On Tuesday I had to make the heartbreaking decision to have our littlest cat, Lupin, put to sleep by her vet. She’d been lethargic for about a week or so, and even though my gut instinct told me it was something serious, I hoped, to the last, that she might be saved.
Lupin was a rescue cat from the Weston-Super-Mare branch of the Cats’ Protection League. We adopted her twelve and a bit years ago when we lost one of our two young tortoiseshell cats at only six months old. Lara, our remaining torty, needed more company than the mature grey and white moggy Merry could provide, so we got her a playmate; a tortoiseshell minx named Qui Qui by the CPL.
Qui Qui was one of three sisters. I’d have adopted them all, but my husband overruled me! They were all beautiful, playful kittens, but Qui Qui rested the longest in my arms when we went to see them at the home of the volunteer who was housing them. She was a tiny, affectionate bundle, who had been discovered under some decking, living rough with her sisters and abandoned, surviving on what they could find. She had a bump in her nose that might have been caused by being born in tricky circumstances. To be honest, the instinct to steal food never left her, and we couldn’t leave anything out on the kitchen table! I affectionately referred to her as ‘chav cat’.
Qui Qui became Lupin as soon as we brought her home. Oddly enough, her two sisters were named after flowers, too, we found out afterwards. One was Bluebell, and I forget what the other one ended up as. Lupin was her ‘real’ name, but over the years she became Moose as well, for silly, wordplay reasons that are too odd to explain.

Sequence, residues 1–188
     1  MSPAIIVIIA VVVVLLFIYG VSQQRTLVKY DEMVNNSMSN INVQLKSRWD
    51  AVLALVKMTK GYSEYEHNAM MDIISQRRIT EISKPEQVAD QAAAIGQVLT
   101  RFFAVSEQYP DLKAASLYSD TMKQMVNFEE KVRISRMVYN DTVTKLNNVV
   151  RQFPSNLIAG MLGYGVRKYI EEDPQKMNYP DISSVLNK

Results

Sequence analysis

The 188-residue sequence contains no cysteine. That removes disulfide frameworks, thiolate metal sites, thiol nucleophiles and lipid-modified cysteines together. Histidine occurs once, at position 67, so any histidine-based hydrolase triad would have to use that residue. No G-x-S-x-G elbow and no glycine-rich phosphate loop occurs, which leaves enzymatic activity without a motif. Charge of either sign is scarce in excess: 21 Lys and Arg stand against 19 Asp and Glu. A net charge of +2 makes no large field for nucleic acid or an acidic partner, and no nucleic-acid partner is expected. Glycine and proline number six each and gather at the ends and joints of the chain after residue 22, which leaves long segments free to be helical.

Torties are known for their minxiness; but she was gentle, loving and, despite the thieving, the most affectionate cat I’ve ever known. And when our children came along, she was endlessly patient. She gave the odd swipe when the grabbing became a bit too enthusiastic, but never to hurt, just to warn. She kept me company through the interminable night feeds with both babies, and, more often than not, we’d find her curled up in the corner of the cot whenever she got the chance. Gentle and patient to a fault, she’d follow our daughters around like a familiar; a furry nursemaid with a patient eye.
She was also a bit of a kitty-ninja. We’d hunt for ages, at night, to find her and put her out. She’d crawl into the tightest of spaces, stealing away under duvets and under beds to avoid being relegated to the porch. Often we’d just leave her in, where she’d sleep curled up to one of the children. Then, when she required an exit, she’d tap our faces to wake us up and let her out. In the mornings, she’d sit outside my elder daughter’s window and wait to be let in.
Even when we acquired a rather large dog, she remained with us. She might have been victimised by every other moggy in the neighbourhood over the years, but she stood up to a seven stone Weimaraner from day one. A few swipes across the nose and she owned him.
In the end, she was sicker than I could have imagined. The vet said that cats often keep going, hide their symptoms until they’re unendurable. Lupin didn’t reveal her illness until a week before she died, but when the vet examined her, he said she had a tumour the size of a tennis ball in her abdomen. Oddly, Bertie the Weimaraner must have smelt the growth, as in the week before she died he seemed obsessed with sniffing and licking her whenever he could. We humans had no idea. She kept going, kept loving, until the last. And that was the kind of creature she was. All cats are best cats, but she truly was a best cat. And I will miss her quiet comfort so, so much. Thank you, little chav cat, for being there for twelve years; I only wish we could have had twelve more with you.